Q: We’re on the board of an organization that has been providing services in the community for many years. A couple years ago, one of our board directors and a key staff person broke off and started a similar organization.  We did nothing about it – the community needs these services and our attitude was that they helped fill a gap. Though, it did hurt. They took copies of all our protocols and are using those to operate. They also went after all our vendors and tried to woo them away. They even called the IRS and reported that we were misusing donors’ money. (We weren’t and passed the audit with flying colors, but it cost us a lot in time and money to defend ourselves.) Why we’re writing now is that even several years later, they regularly make it a point to bad-mouth us.

We are very divided. On one hand, we just want to use our energy to go about our business, serving clients.  On the other, it stings. If what we were doing was good enough to copy, how deserving can we be of their constant put-downs? Should we sue as some have suggested? Fight back in another way? Or let it go, since it’s been so long?

 

A: I’m sorry you have had to deal with this. There are a few things you couldhave done to prevent this from happening in the first place – things you can do now to prevent this from happening again. The first is to ensure that all your proprietary materials are printed with a copyright symbol, the year each document was first published and your organization’s name. No official registration is required to protect your ownership. Second, you can ask that all employees and board directors sign a non-disclosure form that covers your intellectual property, dictating that they can’t share your materials and methodologies with others. Third, you can have a written policy that reminds your board directors’ that all communication with staff is to go through the executive director – an accepted and often times recommended practice. And, fourth, you can ensure that your board orientation covers the directors’ legal duties, which include the duty of loyalty. The duty of loyalty requires putting the organization’s needs ahead of any personal needs, feelings or desires.  While none of these things will, in and of themselves, stop devious individuals from stealing your work, it should give them pause and it definitely gives you a leg to stand on if you decide to go after them in court.

What you can do now is tell the world about their malicious behavior, though it won’t really change anything and you will undoubtedly come across as defensive, which could make you look weak. You could also sue for defamation. You would have to prove that a third party heard the statement that is negatively affecting your reputation, that the statement is injurious to your business, and that it was not privileged information. The fact that these individuals misrepresented you to the IRS and you passed an audit would probably be proof enough that you have a case. However, it can be costly to take a case to court and it would be impossible to spread the word of a win to all those who heard the inflammatory comments. Besides, I doubt even the experience of losing would stop their behavior. It might even motivate them to redouble their efforts against you.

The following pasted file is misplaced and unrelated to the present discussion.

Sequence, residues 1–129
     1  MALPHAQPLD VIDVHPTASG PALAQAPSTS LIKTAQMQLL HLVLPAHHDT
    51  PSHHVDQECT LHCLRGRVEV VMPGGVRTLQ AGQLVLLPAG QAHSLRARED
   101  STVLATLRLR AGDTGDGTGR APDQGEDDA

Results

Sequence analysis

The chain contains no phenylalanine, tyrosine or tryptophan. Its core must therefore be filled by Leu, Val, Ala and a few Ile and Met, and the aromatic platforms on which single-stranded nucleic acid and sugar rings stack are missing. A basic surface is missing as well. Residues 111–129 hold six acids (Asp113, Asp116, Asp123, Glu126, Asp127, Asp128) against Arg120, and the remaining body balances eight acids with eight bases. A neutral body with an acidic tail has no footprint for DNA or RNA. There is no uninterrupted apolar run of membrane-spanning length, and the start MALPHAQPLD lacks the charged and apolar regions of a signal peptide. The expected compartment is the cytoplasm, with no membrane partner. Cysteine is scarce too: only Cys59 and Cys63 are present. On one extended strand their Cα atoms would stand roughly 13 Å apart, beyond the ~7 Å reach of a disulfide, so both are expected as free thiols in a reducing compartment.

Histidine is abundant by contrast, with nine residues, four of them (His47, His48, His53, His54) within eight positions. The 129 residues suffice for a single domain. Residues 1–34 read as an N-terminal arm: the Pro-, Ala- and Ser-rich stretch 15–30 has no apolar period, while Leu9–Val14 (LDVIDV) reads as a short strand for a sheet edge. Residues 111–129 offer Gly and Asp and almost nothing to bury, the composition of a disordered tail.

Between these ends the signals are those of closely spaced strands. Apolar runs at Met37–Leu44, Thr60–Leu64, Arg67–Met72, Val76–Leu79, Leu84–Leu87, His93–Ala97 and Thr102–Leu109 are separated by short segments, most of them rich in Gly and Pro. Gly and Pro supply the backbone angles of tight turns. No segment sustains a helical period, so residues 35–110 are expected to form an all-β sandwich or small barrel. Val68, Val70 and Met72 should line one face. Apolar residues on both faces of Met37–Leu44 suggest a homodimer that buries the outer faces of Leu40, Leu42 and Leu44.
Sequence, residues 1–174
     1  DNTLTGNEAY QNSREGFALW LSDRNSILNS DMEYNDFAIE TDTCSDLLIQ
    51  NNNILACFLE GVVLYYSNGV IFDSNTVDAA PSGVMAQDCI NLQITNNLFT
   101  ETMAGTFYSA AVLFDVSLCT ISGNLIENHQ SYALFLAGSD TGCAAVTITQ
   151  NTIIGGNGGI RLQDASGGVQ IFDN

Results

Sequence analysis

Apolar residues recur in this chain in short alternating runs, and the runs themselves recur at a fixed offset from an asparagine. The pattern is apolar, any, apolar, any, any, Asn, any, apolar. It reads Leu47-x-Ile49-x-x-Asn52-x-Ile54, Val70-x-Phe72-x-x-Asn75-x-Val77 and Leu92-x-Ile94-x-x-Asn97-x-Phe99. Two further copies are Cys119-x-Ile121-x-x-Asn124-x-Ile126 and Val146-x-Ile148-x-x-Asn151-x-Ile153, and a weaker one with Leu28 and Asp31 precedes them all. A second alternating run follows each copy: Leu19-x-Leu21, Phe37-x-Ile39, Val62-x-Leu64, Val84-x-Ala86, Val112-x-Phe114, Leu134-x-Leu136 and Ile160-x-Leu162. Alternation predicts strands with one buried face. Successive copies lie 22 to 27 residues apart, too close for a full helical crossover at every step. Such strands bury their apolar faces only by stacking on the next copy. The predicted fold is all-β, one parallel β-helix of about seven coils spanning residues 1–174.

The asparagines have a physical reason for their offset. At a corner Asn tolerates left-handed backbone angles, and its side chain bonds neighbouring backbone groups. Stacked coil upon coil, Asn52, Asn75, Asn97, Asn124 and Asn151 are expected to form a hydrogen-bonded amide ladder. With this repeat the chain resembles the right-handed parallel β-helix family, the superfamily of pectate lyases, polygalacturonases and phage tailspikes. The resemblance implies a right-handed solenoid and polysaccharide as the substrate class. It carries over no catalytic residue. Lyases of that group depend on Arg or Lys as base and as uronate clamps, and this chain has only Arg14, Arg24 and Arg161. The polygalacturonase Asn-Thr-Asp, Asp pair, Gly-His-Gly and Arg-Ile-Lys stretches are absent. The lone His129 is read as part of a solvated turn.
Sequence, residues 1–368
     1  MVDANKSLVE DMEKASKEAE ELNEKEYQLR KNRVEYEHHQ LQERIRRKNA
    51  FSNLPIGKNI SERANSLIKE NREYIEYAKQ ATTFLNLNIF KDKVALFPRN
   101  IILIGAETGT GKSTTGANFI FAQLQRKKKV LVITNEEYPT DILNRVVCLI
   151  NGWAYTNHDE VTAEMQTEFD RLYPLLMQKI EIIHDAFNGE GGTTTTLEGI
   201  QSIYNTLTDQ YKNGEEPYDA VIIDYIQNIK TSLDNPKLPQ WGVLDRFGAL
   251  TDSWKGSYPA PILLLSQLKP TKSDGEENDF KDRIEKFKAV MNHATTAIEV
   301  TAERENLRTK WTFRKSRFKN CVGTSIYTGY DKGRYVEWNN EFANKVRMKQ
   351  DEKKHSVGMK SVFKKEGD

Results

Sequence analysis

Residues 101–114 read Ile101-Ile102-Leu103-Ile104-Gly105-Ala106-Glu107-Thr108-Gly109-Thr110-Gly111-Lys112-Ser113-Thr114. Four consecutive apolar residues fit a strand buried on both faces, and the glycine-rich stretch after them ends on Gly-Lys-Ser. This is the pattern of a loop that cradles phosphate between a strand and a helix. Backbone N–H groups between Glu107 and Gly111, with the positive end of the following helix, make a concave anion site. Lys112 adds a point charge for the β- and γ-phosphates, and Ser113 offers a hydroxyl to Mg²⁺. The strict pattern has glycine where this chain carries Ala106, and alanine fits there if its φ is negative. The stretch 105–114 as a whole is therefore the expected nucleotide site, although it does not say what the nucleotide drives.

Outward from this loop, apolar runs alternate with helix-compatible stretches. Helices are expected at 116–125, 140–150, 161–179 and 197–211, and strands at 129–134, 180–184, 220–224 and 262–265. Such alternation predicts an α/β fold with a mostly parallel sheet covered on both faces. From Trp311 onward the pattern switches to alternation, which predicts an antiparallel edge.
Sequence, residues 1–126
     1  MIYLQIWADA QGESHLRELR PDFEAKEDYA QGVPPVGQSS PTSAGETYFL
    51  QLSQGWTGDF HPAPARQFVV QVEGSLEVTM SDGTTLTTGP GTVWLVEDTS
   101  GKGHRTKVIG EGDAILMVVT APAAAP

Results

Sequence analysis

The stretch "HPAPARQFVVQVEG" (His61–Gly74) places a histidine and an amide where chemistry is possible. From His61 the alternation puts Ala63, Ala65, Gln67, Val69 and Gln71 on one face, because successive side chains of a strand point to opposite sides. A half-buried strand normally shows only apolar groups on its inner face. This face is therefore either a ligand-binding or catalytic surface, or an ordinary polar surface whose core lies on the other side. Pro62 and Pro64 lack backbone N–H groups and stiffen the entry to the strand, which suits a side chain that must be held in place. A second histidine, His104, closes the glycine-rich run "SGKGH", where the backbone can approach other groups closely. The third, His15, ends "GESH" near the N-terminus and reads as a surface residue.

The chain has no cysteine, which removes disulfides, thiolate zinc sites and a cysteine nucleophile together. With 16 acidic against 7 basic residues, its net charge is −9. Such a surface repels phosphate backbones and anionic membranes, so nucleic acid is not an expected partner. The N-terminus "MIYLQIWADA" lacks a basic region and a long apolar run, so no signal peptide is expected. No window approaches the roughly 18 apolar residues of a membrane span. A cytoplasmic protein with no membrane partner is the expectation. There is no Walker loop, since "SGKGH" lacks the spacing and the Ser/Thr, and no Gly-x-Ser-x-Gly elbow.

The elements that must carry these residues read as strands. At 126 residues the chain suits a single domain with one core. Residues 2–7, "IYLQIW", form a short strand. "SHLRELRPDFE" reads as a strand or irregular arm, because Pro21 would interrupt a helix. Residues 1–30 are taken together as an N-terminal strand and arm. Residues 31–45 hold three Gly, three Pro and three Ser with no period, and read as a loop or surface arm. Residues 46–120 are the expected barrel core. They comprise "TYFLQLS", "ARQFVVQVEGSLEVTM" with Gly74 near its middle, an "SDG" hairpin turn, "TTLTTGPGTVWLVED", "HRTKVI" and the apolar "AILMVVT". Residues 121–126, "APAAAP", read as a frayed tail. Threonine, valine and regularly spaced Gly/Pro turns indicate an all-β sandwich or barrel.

I suggest following your inclination to ignore them and focus on what you are doing. Be kind. Be the best you can be. People who know you and who work with you will know the truth. Spend time stewarding your donors – staying in close contact, showing that you care for them as people, not just for their money, and demonstrating the impact you make on a daily basis. Build a strong volunteer program, sharing the big picture with your volunteers, providing them with meaningful jobs and letting them see the whole of the organization in action. Address them by name and remember their big days. Be transparent with everyone. This is the best way to win friends and influence people.

If you have extra energy, spend it on PR and marketing. Put out testimonials. Show your organization in the best light. Approach the media and offer to be a reputable source for stories in your mission area. Do the same with politicians and offer to testify on issues of importance to them where you have the knowledge and experience.

Remember I said that people who know you and who work with you will know the truth? The same is true for your nemesis!